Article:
SGHS Welcomes a New President – Perry Mathewes

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Perry Mathewes is the deputy director, museum operations and director of gardens at the Museum of the Shenandoah Valley in Winchester, VA. He oversees the stewardship the museum facilities, historic structures, seven acres of formal gardens and almost 500 acres of grounds including a historic Civil War battlefield. Perry has more than 30 years of experience in the museum and public garden field. Previously he was education program manager and interim director of education and communications for Norfolk Botanical Garden.

Destruction of Garden designed by Clermont Lee

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In the fall of 2015, the Girl Scouts USA, now a corporate entity, sent out a letter asking for monetary gifts to redesign the garden area at the Birthplace. The corporate ideal was to remove the parterred garden, place bluestone pavers in the space, and line it with tropical plantings.

Of Common Mind

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For the last four decades the Southern Garden History Society and Dumbarton Oaks have enjoyed a close relationship. Much of this relationship is based on the shared appreciation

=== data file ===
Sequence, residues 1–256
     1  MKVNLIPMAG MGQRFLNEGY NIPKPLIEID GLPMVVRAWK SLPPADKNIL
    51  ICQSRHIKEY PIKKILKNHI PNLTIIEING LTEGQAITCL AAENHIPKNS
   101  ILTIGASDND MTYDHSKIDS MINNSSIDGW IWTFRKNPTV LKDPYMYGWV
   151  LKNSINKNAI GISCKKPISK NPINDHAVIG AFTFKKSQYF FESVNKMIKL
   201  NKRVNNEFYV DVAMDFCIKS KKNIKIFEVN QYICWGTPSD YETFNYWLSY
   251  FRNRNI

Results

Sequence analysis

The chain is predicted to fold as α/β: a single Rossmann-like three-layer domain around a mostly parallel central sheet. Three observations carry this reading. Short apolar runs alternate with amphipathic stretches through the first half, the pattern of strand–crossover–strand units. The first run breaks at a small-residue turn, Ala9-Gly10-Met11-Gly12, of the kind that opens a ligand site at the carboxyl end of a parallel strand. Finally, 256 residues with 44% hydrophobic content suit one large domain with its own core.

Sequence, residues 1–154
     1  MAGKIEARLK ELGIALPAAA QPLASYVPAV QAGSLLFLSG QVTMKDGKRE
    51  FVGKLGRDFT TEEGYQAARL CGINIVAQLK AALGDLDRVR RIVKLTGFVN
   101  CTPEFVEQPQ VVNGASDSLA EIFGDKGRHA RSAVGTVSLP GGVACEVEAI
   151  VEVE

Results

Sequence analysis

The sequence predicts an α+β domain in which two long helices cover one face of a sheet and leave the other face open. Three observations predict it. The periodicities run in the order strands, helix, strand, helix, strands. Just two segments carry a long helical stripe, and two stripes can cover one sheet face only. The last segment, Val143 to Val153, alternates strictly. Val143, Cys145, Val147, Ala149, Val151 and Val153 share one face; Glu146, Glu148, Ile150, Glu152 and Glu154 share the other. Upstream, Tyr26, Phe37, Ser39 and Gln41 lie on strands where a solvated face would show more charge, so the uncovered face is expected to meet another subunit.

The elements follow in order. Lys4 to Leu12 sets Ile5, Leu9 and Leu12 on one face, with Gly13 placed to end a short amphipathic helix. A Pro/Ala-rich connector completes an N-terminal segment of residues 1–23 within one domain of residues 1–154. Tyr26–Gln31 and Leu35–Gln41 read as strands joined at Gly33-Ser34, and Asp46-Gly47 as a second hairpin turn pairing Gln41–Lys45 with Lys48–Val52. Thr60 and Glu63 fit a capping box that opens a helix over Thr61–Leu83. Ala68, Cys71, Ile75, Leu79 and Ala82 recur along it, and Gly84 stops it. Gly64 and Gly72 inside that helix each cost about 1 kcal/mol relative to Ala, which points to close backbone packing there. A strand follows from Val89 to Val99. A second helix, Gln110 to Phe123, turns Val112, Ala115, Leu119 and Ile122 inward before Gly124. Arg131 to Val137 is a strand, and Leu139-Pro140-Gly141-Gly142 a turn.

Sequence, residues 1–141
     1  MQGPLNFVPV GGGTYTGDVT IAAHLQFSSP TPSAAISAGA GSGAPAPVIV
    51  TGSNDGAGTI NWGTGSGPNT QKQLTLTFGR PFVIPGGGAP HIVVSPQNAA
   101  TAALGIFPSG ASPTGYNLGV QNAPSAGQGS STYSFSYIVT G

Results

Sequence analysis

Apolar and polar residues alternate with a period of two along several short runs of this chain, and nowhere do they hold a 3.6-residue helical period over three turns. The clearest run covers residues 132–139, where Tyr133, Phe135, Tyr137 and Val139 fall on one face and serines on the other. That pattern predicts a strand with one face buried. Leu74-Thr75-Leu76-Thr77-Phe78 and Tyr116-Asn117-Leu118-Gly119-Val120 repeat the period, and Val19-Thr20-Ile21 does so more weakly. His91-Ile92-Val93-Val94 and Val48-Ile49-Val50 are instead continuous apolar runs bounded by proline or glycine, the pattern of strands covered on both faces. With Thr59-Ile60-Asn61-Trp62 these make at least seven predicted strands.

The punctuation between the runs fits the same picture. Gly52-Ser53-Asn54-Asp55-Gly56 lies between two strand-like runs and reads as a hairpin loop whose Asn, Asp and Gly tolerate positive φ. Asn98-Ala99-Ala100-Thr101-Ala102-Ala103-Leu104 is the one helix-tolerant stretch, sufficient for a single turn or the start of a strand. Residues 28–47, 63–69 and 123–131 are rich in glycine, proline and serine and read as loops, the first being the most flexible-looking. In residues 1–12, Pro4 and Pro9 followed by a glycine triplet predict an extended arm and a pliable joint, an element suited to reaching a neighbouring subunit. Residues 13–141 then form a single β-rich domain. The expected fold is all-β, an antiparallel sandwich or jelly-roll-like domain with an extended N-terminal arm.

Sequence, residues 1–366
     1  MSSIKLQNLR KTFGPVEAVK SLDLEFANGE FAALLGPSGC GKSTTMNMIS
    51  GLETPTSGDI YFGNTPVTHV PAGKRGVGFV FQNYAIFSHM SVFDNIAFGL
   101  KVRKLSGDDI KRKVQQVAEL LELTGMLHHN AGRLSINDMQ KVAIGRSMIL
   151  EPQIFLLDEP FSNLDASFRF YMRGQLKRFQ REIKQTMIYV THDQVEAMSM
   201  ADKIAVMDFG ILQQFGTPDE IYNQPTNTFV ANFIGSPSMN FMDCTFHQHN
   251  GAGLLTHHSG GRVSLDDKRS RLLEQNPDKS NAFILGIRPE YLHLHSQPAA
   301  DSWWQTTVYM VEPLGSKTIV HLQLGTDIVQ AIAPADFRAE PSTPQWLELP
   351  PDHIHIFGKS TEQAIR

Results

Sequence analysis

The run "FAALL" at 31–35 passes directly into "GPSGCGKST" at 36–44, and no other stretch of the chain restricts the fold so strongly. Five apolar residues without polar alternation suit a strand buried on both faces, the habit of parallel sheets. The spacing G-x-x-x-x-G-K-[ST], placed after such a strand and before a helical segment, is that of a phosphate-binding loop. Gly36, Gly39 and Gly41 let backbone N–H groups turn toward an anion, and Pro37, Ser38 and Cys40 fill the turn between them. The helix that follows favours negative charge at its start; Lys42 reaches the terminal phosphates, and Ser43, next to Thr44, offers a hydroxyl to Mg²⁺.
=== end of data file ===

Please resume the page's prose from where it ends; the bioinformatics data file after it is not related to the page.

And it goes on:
Elizabeth Lawrence: Literary and Horticultural Icon

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Elizabeth Lawrence (1904-1985) is best known as an American garden writer—one of the finest of the 20th century. Through a highly informative yet conversational style of writing, she encouraged her readers to embrace diversity in their gardens by trying something new. Even though she often wrote of her own experiences in her two Southern gardens in North Carolina (Raleigh until 1948, and Charlotte from 1948 to 1984), her audience and correspondences spanned the entire country

SGHS Welcomes Officers and Directors

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We welcome the following officers and directors of SGHS and know they will lead us forward with strength and wisdom. Our new president, Perry Mathewes, shares, “I am looking forward to serving as the next president of the SGHS. I am fortunate to follow in the footsteps of many great leaders for this organization and hope to continue the tradition of service they exemplify. As we move ahead in uncertain times, I know this group will continue to find ways to come together to explore and share the gardening traditions of many great Southern gardens and gardeners.”

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